In the 1930s, during the Great Depression, the government, through the Works Progress Administration (WPA) began building all sorts of public works projects as a means of getting the vast number of unemployed people back to work. It was the largest and most ambitious aspect of the New Deal. Over the course of the WPA’s existence, almost every city, town and village in the United States received some kind of public works project, all built by local people. They built schools, parks, bridges, roads and post offices, among other things. Post offices were a very popular project, as almost every community could use a nice new post office.
Here in New York City, dozens of individual post office branches were built over the course of the ‘30s. Many were designed in the Colonial Revival style of architecture; so many that we’ve come to think of the Colonial Revival post office as the norm. But as the decade drew to a close, some of the new post office buildings started to appear in the more modern architectural language of the day; variations on Art Deco and the new International Style.
The office of the Supervising Architect of the Treasury was responsible for the designs of the nation’s post offices constructed through the WPA. The architects working for the office produced thousands of post offices, most in the conservative Colonial Revival style, which was the approved style of government buildings throughout the ‘20s and ‘30s. But as the program progressed, an amendment was written to allow the office to hire outside consulting architects for many of these buildings. Architects were unemployed people too, and hiring outside of the agency was part of the WPA’s efforts to employ the nation’s artists and creative professions, who were also struggling to make a living. (more…)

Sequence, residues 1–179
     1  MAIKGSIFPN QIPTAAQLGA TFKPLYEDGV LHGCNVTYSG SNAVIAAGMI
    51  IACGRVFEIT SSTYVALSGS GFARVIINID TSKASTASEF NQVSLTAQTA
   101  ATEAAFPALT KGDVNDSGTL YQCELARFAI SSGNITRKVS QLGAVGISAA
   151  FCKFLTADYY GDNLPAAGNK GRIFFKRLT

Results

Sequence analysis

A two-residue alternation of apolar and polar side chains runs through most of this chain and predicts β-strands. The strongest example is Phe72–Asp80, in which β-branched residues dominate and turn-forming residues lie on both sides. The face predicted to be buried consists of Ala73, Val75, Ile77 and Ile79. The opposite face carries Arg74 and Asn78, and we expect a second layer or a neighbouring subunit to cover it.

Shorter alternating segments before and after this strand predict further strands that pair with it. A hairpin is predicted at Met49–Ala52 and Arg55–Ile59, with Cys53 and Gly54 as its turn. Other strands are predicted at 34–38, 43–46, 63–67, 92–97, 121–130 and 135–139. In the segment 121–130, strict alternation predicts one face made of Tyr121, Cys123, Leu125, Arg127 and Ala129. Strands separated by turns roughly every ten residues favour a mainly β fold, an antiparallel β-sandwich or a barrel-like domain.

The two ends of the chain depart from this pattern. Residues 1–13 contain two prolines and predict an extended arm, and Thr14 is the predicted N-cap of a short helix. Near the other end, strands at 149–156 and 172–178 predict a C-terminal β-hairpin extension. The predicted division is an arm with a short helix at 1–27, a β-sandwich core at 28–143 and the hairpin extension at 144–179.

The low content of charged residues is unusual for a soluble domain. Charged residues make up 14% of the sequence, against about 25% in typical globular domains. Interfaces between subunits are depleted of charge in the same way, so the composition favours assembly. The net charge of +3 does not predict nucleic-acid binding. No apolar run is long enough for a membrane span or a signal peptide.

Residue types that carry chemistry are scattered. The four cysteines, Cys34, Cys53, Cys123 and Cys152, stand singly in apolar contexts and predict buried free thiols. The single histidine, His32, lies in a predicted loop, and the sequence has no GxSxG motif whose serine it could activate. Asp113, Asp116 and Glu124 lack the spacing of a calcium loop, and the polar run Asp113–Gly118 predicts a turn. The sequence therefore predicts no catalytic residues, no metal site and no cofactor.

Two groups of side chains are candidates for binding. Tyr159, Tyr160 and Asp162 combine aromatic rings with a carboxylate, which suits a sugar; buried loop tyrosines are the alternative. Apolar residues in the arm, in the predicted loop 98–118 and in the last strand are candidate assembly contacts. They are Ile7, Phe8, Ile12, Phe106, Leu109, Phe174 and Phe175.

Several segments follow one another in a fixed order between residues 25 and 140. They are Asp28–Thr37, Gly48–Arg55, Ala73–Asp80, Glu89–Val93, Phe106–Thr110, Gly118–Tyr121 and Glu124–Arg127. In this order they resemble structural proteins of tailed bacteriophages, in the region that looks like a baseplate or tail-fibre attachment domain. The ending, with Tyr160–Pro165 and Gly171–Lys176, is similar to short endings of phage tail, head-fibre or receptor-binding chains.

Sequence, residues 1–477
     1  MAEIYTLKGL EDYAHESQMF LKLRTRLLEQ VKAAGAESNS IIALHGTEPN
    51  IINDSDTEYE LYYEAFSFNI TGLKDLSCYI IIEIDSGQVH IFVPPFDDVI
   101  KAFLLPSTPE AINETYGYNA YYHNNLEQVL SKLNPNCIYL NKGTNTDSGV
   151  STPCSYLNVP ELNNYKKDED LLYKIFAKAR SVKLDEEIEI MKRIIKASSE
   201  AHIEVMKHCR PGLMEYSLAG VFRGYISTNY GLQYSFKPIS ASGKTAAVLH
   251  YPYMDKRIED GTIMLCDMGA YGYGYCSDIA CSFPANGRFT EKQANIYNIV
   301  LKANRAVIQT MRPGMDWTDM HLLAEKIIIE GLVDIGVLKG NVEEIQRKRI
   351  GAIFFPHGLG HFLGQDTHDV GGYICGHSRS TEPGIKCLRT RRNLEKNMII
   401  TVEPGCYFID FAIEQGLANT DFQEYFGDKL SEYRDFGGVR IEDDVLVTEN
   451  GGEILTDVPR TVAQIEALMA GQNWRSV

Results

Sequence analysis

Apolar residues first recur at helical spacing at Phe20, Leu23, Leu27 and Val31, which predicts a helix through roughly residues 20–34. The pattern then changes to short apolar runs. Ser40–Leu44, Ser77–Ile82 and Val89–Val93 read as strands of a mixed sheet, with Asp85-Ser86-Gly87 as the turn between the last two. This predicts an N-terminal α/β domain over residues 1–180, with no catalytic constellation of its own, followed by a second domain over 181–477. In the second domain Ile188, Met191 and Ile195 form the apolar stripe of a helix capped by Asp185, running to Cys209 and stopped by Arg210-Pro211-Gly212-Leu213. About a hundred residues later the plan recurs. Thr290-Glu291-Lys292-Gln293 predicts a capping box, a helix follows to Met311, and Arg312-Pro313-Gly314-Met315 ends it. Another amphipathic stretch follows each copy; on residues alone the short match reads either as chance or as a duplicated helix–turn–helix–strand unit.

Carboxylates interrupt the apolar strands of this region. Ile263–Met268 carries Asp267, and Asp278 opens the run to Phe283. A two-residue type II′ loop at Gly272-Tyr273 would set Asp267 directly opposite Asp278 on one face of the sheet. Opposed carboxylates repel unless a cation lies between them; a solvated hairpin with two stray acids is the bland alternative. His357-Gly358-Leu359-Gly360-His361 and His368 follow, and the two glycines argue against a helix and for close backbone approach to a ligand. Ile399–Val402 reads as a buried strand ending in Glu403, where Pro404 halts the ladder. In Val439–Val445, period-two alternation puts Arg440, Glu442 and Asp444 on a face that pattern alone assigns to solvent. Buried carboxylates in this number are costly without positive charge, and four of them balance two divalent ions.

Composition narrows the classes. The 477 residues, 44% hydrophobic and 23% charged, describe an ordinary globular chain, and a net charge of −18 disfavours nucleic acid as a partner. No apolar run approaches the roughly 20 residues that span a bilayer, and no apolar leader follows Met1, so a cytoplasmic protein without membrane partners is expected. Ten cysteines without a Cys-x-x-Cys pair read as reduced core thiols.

A seven-story, 23-unit residential building is planned for 109-15 72nd Road, between Austin Street and Queens Boulevard in Forest Hills. New York YIMBY first spotted permits filed by the Philadelphia-based developer Chuan Shu Wang. The apartments will be large, around 1,000 square feet on average. And there will be 5,000 square feet of retail space on the ground floor, as well as 12 underground parking spaces. The developer picked up the parcel in December for $5.7 million, a high price that leads YIMBY to believe that the units will go condo.
The site is located in an area of Forest Hills that was rezoned in 2009 to accommodate higher density residential projects. The location is definitely great, right off Austin Street and just a few blocks from the LIRR and the subway.
When this bank was built in 1952, it was seen as cutting edge, modern and quite unique. It’s hard to believe that it is now sixty-three years old. It’s held up well, especially considering that modern architecture, and by “modern” I mean the bold, space age architecture of the 1950s, is now certifiably old enough to be antique. That’s right – this building and the original suburban ranch house have been around long enough to be classified as “old buildings,” eligible for landmarking and other perks that one would think would only be designated for something built during the Art Deco period or before.
Excluding Staten Island, because of its isolation, Queens was the last borough to really be developed, and much of that didn’t happen until the mid-20th century. Consequently, the borough has a rich history of Mid-Century Modern and International Style architectural endeavors. This bank building is one of the best. The Queens Chamber of Commerce thought so too, and in December of 1952, awarded the building with a first prize bronze plaque for “excellence in design and civic value.” (more…)